By Celestine Aboagye and Joshua Phillips
The HHS Comet recently held a series of informational press conferences with several knowledgeable HHS sources about the subject of abusive relationships. In this, our special “Relationship Abuse” edition, we will be explaining what relationship abuse is, the types of toxic relationships, who they affect, and what can be done to help.
Abusive behavior happens for specific reasons, said Community Educator, Bergen County Alternatives to Domestic Violence Ms. S. Millard. She explained, “Abusive relationships are about control and power, [they are] defined as patterns of abusive behavior in which one partner exerts and maintains power and control over the other.”
Abusiveness also tends to escalate over time when one person psychologically and/or physically mistreats the other partner. Ms. S. Millard also pointed out control is the most pressing part of partner abuse and is the area that will provide the most red flags.
While a common thread is that toxic relationships only occur between intimate partners, this line of thinking is completely fallacious. When asked by the HHS Comet, Ms. J. Millard, HHS Licensed Clinical Social Worker, said, “Toxic relationships are more than just boyfriends and girlfriends, including friendships as well as family ties.”
In toxic partnerships, the victim can encounter verbal, emotional and physical abuse. Being a victim takes a dramatic toll on a person, affecting his or her decision making. “The question often asked is “why would you stay” you shouldn’t ask this because it’s a very victim blaming question,” Ms. S. Millard said.
Anyone can be a victim, so it is also important to understand when someone is an abuser.
An individual tends to become abusive when he or she believes that he or she have the right to the control the person he/she are dating. The abusive partner in most cases believes he or she know best, he or she should be in charge of the relationship, and even think that unequal relationships are ideal.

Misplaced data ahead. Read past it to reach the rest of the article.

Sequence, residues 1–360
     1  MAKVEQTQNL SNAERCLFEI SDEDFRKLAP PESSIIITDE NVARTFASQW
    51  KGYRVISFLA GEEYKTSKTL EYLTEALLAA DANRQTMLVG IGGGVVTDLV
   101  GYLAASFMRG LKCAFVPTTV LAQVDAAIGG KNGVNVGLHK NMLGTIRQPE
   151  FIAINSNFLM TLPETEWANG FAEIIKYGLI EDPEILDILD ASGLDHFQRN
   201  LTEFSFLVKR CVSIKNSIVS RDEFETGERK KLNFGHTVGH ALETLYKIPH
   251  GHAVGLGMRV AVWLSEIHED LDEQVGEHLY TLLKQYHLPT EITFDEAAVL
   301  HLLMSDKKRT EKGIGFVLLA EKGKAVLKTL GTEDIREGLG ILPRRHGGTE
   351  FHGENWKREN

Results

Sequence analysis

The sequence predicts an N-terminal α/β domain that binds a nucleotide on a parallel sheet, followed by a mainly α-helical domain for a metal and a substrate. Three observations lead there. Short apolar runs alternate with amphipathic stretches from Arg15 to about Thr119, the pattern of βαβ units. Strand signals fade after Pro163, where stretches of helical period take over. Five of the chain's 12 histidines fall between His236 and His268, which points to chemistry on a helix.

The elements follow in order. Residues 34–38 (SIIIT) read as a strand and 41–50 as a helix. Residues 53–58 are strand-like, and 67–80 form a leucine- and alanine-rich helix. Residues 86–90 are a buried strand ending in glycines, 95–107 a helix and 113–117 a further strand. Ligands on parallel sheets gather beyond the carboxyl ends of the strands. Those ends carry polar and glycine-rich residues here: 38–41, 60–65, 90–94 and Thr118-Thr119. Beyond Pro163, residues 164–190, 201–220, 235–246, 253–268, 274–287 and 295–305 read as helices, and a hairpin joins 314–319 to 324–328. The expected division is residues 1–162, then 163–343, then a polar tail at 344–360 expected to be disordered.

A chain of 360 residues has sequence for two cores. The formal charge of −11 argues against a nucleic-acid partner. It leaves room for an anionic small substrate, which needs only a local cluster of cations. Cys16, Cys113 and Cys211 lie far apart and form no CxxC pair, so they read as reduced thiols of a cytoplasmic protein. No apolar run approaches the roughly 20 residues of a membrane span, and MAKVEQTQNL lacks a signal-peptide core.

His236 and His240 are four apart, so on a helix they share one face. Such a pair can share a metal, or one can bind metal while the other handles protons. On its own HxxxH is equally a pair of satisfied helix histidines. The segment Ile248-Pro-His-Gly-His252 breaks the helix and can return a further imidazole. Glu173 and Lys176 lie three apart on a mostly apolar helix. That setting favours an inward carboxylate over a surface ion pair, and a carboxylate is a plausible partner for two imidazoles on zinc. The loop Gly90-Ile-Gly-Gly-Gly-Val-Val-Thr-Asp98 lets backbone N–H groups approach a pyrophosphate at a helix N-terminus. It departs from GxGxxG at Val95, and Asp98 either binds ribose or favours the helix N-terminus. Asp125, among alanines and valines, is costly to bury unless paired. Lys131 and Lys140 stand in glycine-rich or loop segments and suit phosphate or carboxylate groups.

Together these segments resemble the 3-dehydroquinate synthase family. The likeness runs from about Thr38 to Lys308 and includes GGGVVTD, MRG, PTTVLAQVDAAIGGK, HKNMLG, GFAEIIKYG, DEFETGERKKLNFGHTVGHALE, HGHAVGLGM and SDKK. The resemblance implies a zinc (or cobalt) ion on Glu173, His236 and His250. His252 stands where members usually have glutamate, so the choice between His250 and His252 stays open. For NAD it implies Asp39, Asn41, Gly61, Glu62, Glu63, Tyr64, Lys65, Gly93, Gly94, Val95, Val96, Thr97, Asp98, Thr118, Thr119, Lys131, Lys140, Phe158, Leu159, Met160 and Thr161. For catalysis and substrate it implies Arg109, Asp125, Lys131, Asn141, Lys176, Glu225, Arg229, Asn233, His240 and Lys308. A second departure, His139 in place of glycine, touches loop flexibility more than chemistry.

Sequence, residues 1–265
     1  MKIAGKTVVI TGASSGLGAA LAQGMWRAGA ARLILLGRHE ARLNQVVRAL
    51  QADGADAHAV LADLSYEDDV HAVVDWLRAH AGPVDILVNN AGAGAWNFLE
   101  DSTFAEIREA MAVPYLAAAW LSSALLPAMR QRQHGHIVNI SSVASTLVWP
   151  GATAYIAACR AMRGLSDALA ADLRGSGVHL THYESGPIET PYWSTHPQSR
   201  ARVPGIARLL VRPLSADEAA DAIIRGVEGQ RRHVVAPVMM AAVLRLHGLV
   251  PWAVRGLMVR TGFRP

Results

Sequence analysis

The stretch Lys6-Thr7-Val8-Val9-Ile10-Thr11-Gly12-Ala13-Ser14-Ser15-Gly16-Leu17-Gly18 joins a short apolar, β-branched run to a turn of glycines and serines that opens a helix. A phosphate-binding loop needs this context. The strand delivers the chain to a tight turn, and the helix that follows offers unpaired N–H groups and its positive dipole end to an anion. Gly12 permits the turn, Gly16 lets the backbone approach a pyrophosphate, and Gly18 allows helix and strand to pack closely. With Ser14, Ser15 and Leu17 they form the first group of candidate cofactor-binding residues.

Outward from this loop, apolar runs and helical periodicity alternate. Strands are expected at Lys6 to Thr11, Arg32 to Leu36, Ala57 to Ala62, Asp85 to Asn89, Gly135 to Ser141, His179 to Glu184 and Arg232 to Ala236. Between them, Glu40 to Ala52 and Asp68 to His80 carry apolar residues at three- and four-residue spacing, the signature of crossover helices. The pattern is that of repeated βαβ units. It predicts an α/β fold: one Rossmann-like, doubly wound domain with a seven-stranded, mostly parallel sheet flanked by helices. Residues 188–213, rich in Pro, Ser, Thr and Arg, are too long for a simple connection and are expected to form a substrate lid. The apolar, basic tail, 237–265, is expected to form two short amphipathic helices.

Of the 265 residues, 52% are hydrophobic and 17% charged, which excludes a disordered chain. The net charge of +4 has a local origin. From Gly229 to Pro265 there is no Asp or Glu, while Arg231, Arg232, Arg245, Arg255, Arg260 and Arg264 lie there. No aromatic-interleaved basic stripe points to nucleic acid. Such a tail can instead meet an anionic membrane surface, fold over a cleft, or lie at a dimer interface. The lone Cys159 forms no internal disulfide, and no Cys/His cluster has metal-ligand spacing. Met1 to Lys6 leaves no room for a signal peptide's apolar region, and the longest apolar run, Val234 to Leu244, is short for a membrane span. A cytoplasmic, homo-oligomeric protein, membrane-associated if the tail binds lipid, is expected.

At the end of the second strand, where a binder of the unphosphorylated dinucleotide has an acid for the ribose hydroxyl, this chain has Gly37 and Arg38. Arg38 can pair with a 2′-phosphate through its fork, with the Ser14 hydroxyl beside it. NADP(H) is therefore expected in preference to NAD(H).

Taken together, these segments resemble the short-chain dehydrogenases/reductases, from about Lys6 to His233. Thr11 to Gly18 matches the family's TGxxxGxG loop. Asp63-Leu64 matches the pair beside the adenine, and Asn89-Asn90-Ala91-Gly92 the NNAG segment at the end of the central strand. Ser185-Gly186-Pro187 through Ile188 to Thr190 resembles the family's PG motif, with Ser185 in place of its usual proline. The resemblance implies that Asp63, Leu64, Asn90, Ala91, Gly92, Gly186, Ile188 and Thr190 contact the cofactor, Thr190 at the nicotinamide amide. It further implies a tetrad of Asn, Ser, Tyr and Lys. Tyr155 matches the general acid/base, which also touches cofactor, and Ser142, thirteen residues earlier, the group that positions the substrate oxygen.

The abuser first begins acting in a negative way by being psychologically abusive. He or she starts with minor abuse by maybe expecting his or her partner to do something, and then get upset when it is not done; or not done the way he or she likes.
One may ask if an individual is being abused, then why are they still in the relationship?
Secrecy is what allows partner abuse to flourish. It is important to not really hold in secrets but to find someone you trust and can talk to about what is happening. This can prove difficult because at times people are scared of talking about what is going on in their relationship because they think they might get in trouble with their abuser.
HHS Licensed Social Worker Ms. Ruff from Drop In explained to our reporters how some abusers have narcissistic personalities and are always thinking about themselves. They believe things are always someone else’s fault. They also have a sense of entitlement over anything, and they may tend to be more abusive. They have beliefs that their partner should do what they want them to and they make their partner the culprit.
Ms. Ruff also said, “Abuse is present when there is threats such as I am going to leave you, neediness is more making the person feel guilty”.
With that being said, victims must also remember that it is never the victim’s fault when she/he is being abused by a partner.
Partner abuse does not have on sole cause. is not caused by alcohol, drugs, or stress it is always the abuser’s choice to be abusive.
If you suspect you are in an abusive relationship seek support. Being comfortable and familiar is not what is always best for us, for it is better to get help then for things to be too late.
As the other articles in our special issue will address partner abuse is a serious matter that deserves respect and attention.